Stroke measuring system: Only PCB and magnetic tape

Hamilton deploys a complete SIKO solution for recording positional information of the longitudinal axis: a sensor, incorporating a matching magnetic tape. Similarly, this assignment also involved working within an exceptionally confined area. The original development was a 82.6 by 20 millimeter sensor, but the size meant it was impossible to install. With that in mind, a PCB solution was chosen by Hamilton and SIKO - namely limiting the installation to the PCB of the sensor and its sensor elements directly within the customer housing. Under other circumstances, a purely board-based solution would not be possible, particularly with any risk of soiling or the sensor coming into contact with water. The existing housing of the pipetting robot helps protect it against external influences and was key in enabling the board-based solution. The positive spin-off of this slimmed-down sensor model: cost savings for Hamilton.

This model involves the sensor detecting the movement of the arm as a position sensor. "Precise positioning of channels is contingent on correct positioning of the pipetting arm", states Martin Rupp. "The channels sit on the arm, which, when moving, must be at least as precise as the axis of the channel. This makes it crucial for the arm to position with great accuracy in the x axis." Before the SIKO solution was deployed, a rival product was used, but resulted in restrictions in the working area of the pipetting channels, namely on the y axis. It is a top priority for Hamilton to ensure the channels can also reach the micro titer plates at the edge of the system. The sensor solution previously tried failed to optimally exploit the full working range of the channels. Also under consideration was a product which required less depthwise space and ensured comprehensive working space for the channels. For this purpose, SIKO adapted the MSA501 magnetic sensor. "All this meant we could tap into the wealth of SIKO expertise and, taking advantage of lower development costs, deploy a sensor which maximized the working range; something which was not possible with the previous configuration", says Martin Rupp.

High system accuracy when using SIKO magnetic sensors

Both the complete board-based solution as well as the other configuration combining the customer's in-house sensor and SIKO magnetic tapes reflect how individually tailored solutions can be decisively deployed for each customer, leaving a precisely functioning measurement system. "The magnetic tapes and sensors are some of the key factors determining the functional scope of the system", said the Project Manager, "without which the pipetting channels and thus the entire pipetting robot would not work." The precision of the measurement system is the specific decisive criterion in this case, which determines the overall quality of the system. The adapted SIKO sensor has a maximum resolution of 10 μm in absolute terms and 2.5 μm incrementally. Repetitive accuracy is ensured to within a 5 μm tolerance. Operating on a contactless working principle eliminates sensor wear as well as minimizing the maintenance required. The initial system precision requirement for the Liquid Handling System from Hamilton was 20 μm, which rival products could not match.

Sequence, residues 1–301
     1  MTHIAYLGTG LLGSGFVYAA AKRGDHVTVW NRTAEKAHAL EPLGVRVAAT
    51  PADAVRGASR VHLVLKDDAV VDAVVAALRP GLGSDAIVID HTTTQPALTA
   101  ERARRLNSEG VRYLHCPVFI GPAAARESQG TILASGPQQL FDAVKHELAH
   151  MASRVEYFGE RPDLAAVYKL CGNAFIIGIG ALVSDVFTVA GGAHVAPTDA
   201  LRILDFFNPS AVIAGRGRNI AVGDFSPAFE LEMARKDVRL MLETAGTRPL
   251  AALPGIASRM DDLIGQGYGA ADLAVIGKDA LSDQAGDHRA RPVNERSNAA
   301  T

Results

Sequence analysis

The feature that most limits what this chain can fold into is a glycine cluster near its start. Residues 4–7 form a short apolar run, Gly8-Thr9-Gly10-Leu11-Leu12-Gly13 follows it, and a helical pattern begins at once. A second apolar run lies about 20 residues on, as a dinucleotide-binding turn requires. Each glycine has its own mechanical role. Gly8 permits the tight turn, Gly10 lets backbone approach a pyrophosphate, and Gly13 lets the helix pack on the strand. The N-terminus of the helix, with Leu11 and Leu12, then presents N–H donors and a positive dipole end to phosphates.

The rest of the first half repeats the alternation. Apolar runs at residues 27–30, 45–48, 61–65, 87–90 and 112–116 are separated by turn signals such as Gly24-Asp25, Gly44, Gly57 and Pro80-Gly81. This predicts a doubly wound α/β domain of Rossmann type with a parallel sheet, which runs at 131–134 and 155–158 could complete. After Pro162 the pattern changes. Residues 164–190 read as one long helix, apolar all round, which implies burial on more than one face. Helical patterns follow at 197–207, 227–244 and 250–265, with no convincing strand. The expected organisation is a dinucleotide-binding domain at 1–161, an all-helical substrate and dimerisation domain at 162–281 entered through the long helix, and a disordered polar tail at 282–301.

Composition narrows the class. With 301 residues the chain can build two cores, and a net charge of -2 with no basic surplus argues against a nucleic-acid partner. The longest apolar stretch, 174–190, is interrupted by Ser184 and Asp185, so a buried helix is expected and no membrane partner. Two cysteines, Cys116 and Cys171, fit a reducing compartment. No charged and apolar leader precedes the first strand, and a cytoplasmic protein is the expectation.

What swayed Hamilton in favor of SIKO when selecting a measurement system was the fact that it includes two in one: both absolute and incremental measurement systems. The absolute system comprises absolutely coded magnetic poles, which can be scanned using a sensor and calculated together with the incremental unit. Using this approach, combined absolute and incremental sets of data are issued. "The competing product only managed to achieve enhanced system precision via the absolute interface. However, the electronics used positions by means of the incremental interface", explains Martin Rupp. Since September 2014, Hamilton systems including SIKO sensors have been available on the market. "We see it as a convincing collaboration. In future, we will exclusively have Hamilton VANTAGE Liquid Handling Systems with SIKO magnetic measurement technology", adds Martin Rupp.